"Just tell me how you feel after the treatment." reminded the physician as his patient nodded silently, well aware of how he was being used as guinea pig. The physician, an aged and weathered man of around sixty years, fetched two metal rods, both the size of toothpicks, one comprised of brass and the other of steel. "So you said that it hurt, here?" he questioned as he tapped on the patient's temple. "Yes, thats where it hurts, sir." The man answered, although slightly nervous, he had hear of these famous "Perkin's Tractors" and also of the physician standing beside him, "John Haygarth." Although the patient was not much of a scholar, he had heard of the physician, "One of the best of his time," he was called. While the client was thinking this, Haygarth slowly applied the point of the rod…show more content… "This may aslo point to how more well known doctors are more succesful than unknows, as the patient is more likely to believe an awed and acomplished physician, than one unheard of in his field. It is even likely that the medicine of today still uses these methods." Setting down his quill, He leaned back in that same chair he had on the day he had tested that nervous man. It had been quite sometime since John had seen that man, even though he continued his practice at the local clinic from time to time. Still, he thanked him for allowing himself to be tested. Picking up the scraps of paper, he set them in neat piles on his desk, to be compiled into his next book on the morrow.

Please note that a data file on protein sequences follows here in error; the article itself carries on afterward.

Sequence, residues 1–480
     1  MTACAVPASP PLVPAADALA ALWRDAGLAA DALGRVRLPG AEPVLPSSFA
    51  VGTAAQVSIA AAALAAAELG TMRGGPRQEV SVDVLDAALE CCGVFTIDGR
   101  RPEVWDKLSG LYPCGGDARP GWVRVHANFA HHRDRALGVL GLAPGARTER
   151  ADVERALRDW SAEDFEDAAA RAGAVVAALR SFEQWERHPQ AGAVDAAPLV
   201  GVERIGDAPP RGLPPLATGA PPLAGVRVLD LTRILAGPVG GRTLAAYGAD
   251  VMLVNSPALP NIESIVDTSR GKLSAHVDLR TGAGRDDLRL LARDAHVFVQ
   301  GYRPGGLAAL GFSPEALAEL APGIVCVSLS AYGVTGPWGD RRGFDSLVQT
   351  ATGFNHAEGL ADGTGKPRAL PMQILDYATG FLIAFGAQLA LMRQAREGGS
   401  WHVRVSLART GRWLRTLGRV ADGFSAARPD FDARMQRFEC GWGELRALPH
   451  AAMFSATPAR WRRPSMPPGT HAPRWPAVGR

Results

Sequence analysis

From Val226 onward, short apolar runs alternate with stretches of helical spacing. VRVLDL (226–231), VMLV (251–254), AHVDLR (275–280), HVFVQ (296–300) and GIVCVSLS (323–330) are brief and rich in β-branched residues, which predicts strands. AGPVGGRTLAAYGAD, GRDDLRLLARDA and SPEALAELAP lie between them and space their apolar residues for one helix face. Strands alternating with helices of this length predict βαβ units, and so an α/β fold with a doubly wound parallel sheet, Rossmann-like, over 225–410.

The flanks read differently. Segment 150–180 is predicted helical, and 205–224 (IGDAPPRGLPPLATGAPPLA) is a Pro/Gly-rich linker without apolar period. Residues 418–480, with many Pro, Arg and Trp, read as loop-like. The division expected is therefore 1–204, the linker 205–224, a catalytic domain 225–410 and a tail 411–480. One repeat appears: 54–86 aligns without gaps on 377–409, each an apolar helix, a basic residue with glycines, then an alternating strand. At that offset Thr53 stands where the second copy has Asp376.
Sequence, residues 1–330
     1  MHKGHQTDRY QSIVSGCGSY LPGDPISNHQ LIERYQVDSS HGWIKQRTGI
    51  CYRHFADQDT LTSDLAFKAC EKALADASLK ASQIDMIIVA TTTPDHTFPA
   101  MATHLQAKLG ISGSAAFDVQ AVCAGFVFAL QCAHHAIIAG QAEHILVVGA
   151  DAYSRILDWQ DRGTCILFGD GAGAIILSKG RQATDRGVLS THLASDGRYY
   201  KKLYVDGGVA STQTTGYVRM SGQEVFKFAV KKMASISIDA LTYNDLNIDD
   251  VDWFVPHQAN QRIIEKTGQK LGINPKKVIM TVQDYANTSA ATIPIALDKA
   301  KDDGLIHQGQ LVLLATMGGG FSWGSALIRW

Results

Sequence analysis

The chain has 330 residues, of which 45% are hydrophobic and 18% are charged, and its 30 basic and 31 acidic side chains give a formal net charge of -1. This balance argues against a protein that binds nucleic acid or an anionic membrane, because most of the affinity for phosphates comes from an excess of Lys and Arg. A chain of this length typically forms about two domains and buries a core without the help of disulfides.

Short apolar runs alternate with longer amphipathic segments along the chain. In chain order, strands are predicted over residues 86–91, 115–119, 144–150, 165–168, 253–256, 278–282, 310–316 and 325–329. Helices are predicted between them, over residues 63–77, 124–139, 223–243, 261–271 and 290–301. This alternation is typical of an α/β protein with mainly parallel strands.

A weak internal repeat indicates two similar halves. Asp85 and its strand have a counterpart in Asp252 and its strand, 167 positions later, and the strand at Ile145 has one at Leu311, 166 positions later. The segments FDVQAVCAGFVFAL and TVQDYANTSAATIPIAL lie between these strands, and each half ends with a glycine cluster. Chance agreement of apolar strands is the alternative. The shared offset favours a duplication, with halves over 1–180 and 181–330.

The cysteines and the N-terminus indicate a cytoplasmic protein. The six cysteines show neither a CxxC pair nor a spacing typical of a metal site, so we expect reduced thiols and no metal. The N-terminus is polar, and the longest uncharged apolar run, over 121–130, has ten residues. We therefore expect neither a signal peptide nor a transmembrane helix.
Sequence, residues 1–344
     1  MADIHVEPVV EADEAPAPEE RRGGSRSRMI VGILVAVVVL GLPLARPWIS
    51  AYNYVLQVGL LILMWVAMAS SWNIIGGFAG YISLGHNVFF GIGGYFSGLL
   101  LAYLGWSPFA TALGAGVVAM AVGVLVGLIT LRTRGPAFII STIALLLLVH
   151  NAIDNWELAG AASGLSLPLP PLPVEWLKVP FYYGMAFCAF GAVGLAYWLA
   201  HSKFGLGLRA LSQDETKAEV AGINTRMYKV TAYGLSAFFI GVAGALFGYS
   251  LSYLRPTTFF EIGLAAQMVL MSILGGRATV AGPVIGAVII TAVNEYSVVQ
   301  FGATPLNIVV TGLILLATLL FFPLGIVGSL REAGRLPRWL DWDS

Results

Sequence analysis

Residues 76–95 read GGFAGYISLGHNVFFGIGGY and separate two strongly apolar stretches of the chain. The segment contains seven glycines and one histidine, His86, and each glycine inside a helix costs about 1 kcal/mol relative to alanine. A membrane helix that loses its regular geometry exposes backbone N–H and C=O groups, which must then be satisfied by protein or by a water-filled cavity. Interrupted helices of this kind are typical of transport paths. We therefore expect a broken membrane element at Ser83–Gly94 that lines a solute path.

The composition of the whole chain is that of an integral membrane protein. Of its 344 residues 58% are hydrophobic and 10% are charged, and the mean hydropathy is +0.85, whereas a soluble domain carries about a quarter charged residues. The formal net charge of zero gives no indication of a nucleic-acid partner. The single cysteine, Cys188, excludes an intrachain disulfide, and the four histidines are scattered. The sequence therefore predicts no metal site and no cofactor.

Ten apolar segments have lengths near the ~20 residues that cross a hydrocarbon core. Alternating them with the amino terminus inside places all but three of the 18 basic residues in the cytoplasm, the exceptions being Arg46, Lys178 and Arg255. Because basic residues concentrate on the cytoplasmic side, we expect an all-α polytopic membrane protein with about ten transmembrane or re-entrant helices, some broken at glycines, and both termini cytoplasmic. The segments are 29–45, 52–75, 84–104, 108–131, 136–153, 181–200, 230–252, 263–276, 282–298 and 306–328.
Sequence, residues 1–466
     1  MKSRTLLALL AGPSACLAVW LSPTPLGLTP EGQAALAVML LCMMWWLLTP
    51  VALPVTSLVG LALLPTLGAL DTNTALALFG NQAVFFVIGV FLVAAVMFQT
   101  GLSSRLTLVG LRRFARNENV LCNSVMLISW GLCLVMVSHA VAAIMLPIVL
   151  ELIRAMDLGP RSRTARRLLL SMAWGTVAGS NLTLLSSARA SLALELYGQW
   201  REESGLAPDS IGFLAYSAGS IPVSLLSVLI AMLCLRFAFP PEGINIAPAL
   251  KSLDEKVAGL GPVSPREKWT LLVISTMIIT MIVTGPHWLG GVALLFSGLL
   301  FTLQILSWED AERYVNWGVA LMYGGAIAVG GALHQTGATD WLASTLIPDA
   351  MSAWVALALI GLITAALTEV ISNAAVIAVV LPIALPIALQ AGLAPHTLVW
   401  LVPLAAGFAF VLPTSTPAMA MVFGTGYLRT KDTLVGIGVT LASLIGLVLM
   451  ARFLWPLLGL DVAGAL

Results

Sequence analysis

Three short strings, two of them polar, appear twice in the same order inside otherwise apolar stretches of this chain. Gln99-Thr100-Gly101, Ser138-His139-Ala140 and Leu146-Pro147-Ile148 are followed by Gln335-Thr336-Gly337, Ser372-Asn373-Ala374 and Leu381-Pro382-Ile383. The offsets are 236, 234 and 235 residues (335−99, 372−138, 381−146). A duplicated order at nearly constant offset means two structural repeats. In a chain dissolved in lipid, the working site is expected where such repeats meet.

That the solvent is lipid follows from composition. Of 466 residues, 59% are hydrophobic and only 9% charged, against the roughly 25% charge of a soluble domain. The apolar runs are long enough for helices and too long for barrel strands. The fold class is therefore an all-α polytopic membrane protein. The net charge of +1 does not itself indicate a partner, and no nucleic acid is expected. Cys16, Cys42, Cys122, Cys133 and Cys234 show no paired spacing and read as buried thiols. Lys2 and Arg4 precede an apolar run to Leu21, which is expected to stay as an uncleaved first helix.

And this is more or less how the placebo effect was first demonstrated in the year 1799, by a man of the name "John Haygarth," using phony medicinal "tractors" made by another physician "Elish Perkins" (Hence "perkins Tractors") I hop you enjoyed my take on it, no matter how short it